Assume that your book will have 10 chapters and be 200 pages long. Of course, your finished product might vary. The first chapter should be a simple overview of what the book is about, what problem it will solve, why you’re an expert in this field and a brief list of the topics you’ll cover. Make readers feel like reading the book is going to be worthwhile.


Chapters 2-9 will provide all the information you want to share. List the case studies, research, and graphics under each subheading. Your chapter titles should be catchy but don’t worry about them at this point. Also, write down why each topic is important, what the reader will gain from it, and the actionable steps they can take to implement your ideas. 


Chapter 10 should be a summary and an offer to benefit from your other products and services if you have any that are relevant to the subject matter of the book. Your outline should be about 3 pages long.


You Don’t Need to Know Everything


One of the biggest roadblocks to writing is feeling like you don’t know enough. But the truth is, you don’t need to know everything. You don’t need to rely on your ideas alone. Quoting others and other sources adds credibility. Interview experts and professors. Address topics that are missing from similar books. Read reviews of similar books and address issues. Ask clients about needs and challenges and address those as well. Read people’s questions and answers on Quora.com.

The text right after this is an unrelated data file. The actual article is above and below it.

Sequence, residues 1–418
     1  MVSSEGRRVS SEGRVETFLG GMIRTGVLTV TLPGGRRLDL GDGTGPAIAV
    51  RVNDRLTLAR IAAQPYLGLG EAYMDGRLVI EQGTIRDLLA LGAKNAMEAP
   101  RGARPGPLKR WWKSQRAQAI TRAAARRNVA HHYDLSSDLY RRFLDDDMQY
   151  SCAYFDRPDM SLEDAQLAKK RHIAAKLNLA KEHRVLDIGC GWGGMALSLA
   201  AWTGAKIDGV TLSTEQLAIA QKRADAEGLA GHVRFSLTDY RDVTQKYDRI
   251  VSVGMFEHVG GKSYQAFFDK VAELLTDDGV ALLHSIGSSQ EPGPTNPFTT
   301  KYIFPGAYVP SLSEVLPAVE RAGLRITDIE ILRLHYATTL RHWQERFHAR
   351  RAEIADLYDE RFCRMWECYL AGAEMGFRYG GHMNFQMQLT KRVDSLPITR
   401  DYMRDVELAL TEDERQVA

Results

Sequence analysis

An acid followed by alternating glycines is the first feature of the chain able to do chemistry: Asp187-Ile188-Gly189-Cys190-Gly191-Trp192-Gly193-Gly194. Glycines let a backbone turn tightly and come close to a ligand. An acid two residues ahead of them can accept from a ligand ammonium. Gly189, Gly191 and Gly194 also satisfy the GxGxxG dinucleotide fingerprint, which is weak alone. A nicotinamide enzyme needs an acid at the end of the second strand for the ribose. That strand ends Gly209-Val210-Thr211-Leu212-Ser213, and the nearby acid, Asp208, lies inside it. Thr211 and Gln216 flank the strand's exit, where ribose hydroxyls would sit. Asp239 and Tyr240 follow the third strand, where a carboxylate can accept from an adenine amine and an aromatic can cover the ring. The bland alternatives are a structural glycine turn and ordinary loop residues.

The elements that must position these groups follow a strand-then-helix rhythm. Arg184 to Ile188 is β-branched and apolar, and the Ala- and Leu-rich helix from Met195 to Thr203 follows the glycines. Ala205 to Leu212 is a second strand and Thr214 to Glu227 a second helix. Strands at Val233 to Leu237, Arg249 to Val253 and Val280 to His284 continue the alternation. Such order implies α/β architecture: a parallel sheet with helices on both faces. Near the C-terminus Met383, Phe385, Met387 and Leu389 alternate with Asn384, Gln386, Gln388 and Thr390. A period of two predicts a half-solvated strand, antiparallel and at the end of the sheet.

hands typing on laptop - Writer's Block? Let Go of Perfectionism and Just Write

Writer’s Block? Let Go of Perfectionism and Just Write


Writer’s block is a real thing. It’s that feeling of staring at a blank page and feeling like you have nothing to say. The best way to overcome writer’s block is to let go of perfectionism and just write. Don’t expect to grab a pen and create a masterpiece. The first draft is going to be ugly. It’ll just be filled with ideas. Establish realistic deadlines first. When you feel uninspired or busy, deadlines will push you to achieve this. 

Whenever you get an idea, record it on your phone or in a notepad. Start anywhere. Start in the middle or start with the overview or the conclusion – whatever works for you. Will you be using the past tense or the present tense? Clear your mind and think about what you’re trying to say. Be specific about what point you’re trying to make. After you’re done, ask yourself whether you’ve conveyed what you meant to convey. 

Don’t edit while writing. Edit later. When you edit, you can ponder over your choice of words that are misleading and if you contradict yourself anywhere.


Simplicity is Key


When it comes to writing, simplicity is key. Remove unnecessary words and phrases. Use shorter words. You can create stunning sentences using the simplest of words. Add stylish elements only after a firm foundation with clear, simple sentences. 

Write in a conversational tone reflecting your personality. Be yourself. Relax and simply write. You’re not going to publish every word you write. You just need to get the words to flow and your mind to loosen. And you are going to check before you publish anyway. Nobody is going to see any mess that flows out. Just write.